REVIEW: ‘Captain Marvel,’ Issue #27

Reading Time: 2 minutes

Captain Marvel #27 - But Why Tho?

Captain Marvel #27 is published by Marvel Comics, written by Kelly Thompson, with art by David Lopez, colors by Triona Farrell, and letters by Clayton Cowles. Returning from the frozen future having failed to apprehend Ove, Carol summarily broke up with her boyfriend believing it was the right thing to do. Now, Carol Danvers is struggling with the emotional damage of recent events. While she may be “The Boss of Space”, one thing she definitely isn’t the boss of is her emotions. Luckily, she isn’t alone.

Processing emotional hurts can be tough. Even for superheroes. As a problem, one cannot simply punch away, though not for lack of trying, even heroes like Carol Danvers can find themselves struggling with the emotional hurt that comes along. Sometimes even Captain Marvel needs a good kick in the pants to get going. And the good friend who isn’t afraid to give it to her.

Captain Marvel #27 provides a splendid mix of humor, emotional moments, and acid farting cat-lizards. Thompson delivers one of the most charming stories of her run in Captain Marvel as several of Carol’s friends, led by Jessica Drew, try to snap her out of her post-breakup depression with varying results. Thompson’s ever-present gift for writing smooth, witty banter is at its finest throughout this book. As Jessica is prepared to drag Carol kicking and screaming back into the light of day, the almost antagonistic friendship the two share excels at being both humorous and heartwarming.

While Carol and Jessica’s banter is a delight as always, the best moments in this book belong to Hazmat and Lauri-Ell. A couple of moments these two share are perfect. The charm and chemistry that Thompson creates between the two have me hoping she will find reasons to have the two interact again soon.

On the art side of Captain Marvel #27, we see an entirely new duo delivering the visuals for this story. Happily, the art builds on the story’s personality splendidly. Lopez’s line captures all the characters in these panels to great effect. Every scowl, laugh and frustrated shout is presented with just the right amount of comic-style exaggeration.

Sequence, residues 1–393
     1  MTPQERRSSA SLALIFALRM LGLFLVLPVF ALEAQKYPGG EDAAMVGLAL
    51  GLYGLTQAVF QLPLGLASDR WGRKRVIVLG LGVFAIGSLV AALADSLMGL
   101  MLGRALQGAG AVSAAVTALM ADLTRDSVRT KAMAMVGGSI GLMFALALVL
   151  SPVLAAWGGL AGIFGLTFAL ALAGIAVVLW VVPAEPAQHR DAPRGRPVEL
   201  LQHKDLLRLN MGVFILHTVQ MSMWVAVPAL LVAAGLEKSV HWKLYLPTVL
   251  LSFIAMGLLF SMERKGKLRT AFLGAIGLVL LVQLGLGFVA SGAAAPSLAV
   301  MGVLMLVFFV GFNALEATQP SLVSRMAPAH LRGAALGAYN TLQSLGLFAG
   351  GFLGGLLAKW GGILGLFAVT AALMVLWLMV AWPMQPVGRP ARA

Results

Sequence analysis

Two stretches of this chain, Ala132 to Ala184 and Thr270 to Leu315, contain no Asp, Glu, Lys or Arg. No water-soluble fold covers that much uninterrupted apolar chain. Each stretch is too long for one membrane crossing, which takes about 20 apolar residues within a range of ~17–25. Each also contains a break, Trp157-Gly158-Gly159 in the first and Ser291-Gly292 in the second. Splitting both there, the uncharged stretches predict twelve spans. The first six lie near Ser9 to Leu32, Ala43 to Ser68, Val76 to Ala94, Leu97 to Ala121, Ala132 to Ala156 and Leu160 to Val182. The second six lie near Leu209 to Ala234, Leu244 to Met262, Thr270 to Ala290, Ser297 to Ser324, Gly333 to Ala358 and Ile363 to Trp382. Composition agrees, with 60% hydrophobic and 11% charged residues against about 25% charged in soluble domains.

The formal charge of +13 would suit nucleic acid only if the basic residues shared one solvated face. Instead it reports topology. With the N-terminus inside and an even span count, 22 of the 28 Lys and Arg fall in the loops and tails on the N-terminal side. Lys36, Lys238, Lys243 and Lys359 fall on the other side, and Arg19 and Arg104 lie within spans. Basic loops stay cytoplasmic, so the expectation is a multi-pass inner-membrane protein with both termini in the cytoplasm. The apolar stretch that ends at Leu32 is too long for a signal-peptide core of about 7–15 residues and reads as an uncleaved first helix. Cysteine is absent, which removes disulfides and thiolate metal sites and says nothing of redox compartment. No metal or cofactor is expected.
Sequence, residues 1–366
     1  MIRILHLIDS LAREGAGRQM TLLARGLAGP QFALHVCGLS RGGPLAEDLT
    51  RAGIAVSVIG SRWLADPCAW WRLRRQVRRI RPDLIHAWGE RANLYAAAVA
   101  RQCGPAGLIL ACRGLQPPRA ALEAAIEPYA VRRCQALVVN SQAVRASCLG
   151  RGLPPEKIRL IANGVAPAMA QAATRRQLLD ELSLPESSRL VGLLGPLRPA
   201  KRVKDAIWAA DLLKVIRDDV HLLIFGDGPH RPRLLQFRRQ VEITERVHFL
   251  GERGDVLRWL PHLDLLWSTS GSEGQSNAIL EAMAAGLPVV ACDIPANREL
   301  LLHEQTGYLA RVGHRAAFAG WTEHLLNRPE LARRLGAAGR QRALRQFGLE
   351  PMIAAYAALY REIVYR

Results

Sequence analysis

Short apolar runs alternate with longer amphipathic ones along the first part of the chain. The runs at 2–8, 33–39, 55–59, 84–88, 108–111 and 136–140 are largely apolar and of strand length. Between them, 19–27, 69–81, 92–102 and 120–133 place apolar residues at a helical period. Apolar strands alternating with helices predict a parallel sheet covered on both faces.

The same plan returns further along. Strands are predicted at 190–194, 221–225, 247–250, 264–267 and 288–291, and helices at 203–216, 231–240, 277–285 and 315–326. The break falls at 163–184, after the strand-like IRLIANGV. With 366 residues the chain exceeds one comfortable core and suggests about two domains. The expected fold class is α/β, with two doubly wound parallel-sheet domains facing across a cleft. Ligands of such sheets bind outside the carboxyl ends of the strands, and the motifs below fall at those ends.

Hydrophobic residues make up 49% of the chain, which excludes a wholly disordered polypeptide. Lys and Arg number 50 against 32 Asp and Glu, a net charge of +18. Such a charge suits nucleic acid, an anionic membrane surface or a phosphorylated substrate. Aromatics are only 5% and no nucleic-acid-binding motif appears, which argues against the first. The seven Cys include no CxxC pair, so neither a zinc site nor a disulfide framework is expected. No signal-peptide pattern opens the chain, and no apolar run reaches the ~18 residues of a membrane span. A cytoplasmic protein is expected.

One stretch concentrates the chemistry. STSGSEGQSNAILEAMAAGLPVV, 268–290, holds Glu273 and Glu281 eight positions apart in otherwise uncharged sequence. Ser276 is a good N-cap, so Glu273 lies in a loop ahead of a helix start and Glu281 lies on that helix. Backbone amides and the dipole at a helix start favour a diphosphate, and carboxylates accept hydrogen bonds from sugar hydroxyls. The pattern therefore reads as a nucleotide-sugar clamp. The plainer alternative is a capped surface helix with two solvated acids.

Meanwhile, new colorist Farrell finishes the art with an excellent eye for colors. The palettes utilized throughout this book help elevate the lines with their lovely contrasts. And certain elements of the story, such as the previously mentioned acid farting cat-lizards, really capture the reader’s eye in large part due to the gorgeous colorwork they are augmented with.

Rounding out the story is Cowles lettering. As always, Cowles delivers a clear and effective job with the letters. While the story is laid out excellently, there are a few moments where I wish the letters could have been given a bit more energy to feel more representative of the artist’s visual delivery.

When all is said and done, Captain Marvel #27 delivers a fun read, flavored with some genuine emotion. The final pages of the book take a surprising turn, and I feel like Thompson’s signature brand of quirky character writing is going to have some excellent opportunities to shine in the coming issues.

Captain Marvel #27 is available now wherever comics are sold.


'Captain Marvel,’ Issue #27
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TL;DR

When all is said and done, Captain Marvel #27 delivers a fun read, flavored with some genuine emotion. The final pages of the book take a surprising turn, and I feel like Thompson’s signature brand of quirky character writing is going to have some excellent opportunities to shine in the coming issues.